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Amanda Kilhenny

Amanda Kilhenny is heading to the stars, virtually. The senior digital media major is spending the spring semester in Houston, Texas completing an internship in the Hybrid Reality Lab at NASA’s Johnson Space Center. The Honors-in-Discipline Scholar is using her 3D modeling skills to help create realistic tools in a virtual reality simulation of the International Space Station. Although she originally aspired to work on animated movies, Kilhenny is realizing that her career goals incorporate both digital media and science.

Where are you from and why did you choose to come to ETSU?

I grew up in New Jersey. I thought animation would be a good fit for me because I really like art and took a lot of art classes in high school, but animation has the spin in technology so I thought it would be a more diverse field to go into. Outside of California, which was a little too far away, ETSU has one of the best digital media programs, so I decided it would be a good fit for me because it’s closer to home. I’m really happy that I’m here.   Amanda Kilhenny

Initially, how did you think you would use your digital media degree, and how have your career plans changed?

Going into it, I was aiming toward Pixar, Disney, Dreamworks to do movies, but as I got here, I realized there are a lot of different aspects like short films and video games. It wasn’t until recently that I decided to tie in the science aspect of it and started studying geology. I’ve always liked science, and before I decided I wanted to become an animator I wanted to be a forensic scientist. I particularly like to learn about the Earth’s history and the evolution of animals, so I thought it would be good to have background knowledge in science. 

I began thinking about an internship and one of my professors, Dr. Jimi Wronecki, recommended NASA. I kept checking their website for a month, looking for an opportunity that would work for me. Then I saw one that involved animating the solar system. I applied to that one and once the deadline came, I heard back from them that I was recommended for a different position based on my application. They said the position involved working with virtual reality inspired by the Holodeck on StarTrek.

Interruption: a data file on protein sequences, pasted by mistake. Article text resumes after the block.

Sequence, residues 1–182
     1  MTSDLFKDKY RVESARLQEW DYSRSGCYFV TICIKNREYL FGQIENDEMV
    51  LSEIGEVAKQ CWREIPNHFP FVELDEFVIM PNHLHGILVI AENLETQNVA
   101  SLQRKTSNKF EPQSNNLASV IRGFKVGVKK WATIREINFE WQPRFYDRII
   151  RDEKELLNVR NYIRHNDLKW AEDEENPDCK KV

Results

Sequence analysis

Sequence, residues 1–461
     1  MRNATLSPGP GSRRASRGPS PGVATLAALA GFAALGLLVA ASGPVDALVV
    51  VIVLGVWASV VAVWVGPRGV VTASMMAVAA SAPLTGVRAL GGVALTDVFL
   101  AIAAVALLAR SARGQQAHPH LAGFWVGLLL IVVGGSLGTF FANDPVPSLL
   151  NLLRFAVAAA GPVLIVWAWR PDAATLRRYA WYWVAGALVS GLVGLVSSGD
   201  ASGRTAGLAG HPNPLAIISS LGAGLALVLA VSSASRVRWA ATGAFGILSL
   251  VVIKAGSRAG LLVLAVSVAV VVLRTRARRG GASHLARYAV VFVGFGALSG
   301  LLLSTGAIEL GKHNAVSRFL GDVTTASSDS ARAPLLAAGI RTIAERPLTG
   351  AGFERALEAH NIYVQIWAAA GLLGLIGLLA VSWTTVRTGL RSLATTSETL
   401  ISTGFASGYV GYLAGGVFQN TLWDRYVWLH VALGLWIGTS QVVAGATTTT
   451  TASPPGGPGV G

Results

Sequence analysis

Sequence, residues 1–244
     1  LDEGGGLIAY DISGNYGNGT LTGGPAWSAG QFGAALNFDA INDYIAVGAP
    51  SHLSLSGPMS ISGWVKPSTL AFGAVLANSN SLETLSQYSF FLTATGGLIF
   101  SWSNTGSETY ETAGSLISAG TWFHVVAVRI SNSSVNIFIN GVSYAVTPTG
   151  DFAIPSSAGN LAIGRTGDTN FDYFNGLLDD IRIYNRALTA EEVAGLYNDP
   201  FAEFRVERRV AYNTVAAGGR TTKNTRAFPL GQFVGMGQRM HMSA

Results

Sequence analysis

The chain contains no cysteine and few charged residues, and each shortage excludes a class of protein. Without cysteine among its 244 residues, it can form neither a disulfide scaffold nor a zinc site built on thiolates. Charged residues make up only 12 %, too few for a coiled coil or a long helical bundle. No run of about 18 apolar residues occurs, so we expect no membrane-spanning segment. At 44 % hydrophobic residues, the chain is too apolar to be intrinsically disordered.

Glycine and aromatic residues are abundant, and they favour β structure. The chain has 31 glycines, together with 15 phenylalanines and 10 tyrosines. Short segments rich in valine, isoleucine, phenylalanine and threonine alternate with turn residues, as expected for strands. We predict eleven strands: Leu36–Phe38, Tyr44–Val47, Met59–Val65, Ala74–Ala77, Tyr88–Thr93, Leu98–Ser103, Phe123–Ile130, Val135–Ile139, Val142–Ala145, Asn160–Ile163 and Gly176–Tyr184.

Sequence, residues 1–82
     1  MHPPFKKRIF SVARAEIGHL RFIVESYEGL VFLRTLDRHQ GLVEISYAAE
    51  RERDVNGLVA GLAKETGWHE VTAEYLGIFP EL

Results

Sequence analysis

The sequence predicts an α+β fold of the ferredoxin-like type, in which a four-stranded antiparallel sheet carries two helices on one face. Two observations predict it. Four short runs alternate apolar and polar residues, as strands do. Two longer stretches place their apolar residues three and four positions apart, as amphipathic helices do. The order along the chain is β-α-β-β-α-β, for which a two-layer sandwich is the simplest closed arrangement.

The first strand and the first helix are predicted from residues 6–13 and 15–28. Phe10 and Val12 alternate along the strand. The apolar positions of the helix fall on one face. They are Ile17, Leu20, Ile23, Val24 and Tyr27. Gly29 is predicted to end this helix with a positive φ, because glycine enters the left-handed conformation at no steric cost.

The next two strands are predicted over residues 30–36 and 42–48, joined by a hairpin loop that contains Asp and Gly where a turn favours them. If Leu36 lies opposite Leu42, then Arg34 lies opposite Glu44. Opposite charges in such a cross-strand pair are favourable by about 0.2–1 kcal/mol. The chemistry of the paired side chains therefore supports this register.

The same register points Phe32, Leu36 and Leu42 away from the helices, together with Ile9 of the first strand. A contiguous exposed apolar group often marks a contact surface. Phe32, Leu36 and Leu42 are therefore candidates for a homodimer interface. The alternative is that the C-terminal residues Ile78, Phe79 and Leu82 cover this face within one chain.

What are some projects you’ve worked on that you think prepared you for the internship?

I took a 3D modeling course two years ago that was taught by a graduate student. He really taught us the different technicalities for making a model and that class is what got me interested in 3D modeling in the first place. I recently took a 3D animation course where we had to model everything in the scene and make a short film. I took on more models in the class to help prepare myself for the internship.

What’s a typical day like at NASA?

Working here is fun. I share an office with my mentor, who is a software engineer. We work nine-hour days so we are off every other Friday. It’s very quiet and I get in my zone so the days fly by. My mentor will answer questions, but basically, I’m on my own.

I just started working on a 3D model of a laser gun that analyzes rock data. I’m recreating the laser digitally, using a 3D scanner and then bringing it into a software program called Maya to update the aesthetics of the model. The virtual reality simulation I am modeling these items for is still in development. A lot of companies come to view demos of it. They put on the headset to see for themselves how realistic it is. 

There are a lot of exciting things going on. I recently went to a welcome home ceremony for the crew that just came back from the International Space Station and was able to meet them.

What do you hope to accomplish?

Two or three weeks in, after my mentor saw my 3D modeling skills, he offered for me to continue during the summer for another internship. We are still working out the details, but over the span of both internships, I’ll happily take whatever they throw at me!

How is this experience helping you get outside your comfort zone?

At first I was very overwhelmed. A lot of the software programs they use I hadn’t heard of or had barely used. It was up to me to learn. Because my mentor is very “hands off” it feels like a real job. The experience has given me some self-discipline in knowing what I’m doing and not relying on someone else. Being exposed to this professional environment, I had to get used to their technical communication skills. It has improved my vocabulary!

Is NASA is a place where you can explore your interests in both modeling and science?

Everyone here is really passionate about space exploration. It encourages me to get a more technical background and to keep expanding on what I know in coding. To see what you’re learning and how it can contribute to a larger organization gives you sense of purpose. You don’t always see how it applies to real life in the classroom, but here I see how it can change lives and how the aesthetics of a laser make people feel immersed in the virtual reality training.

I’ve always liked science and space. To be able to study something I was on the surface interested in, animated movies, and now being able to tie in my two passions of science and art, that is a really great opportunity. I hope it takes me to a career, but in the long run, anything I can do at NASA I am happy with. 

Amanda Kilhenny pictured in computer lab

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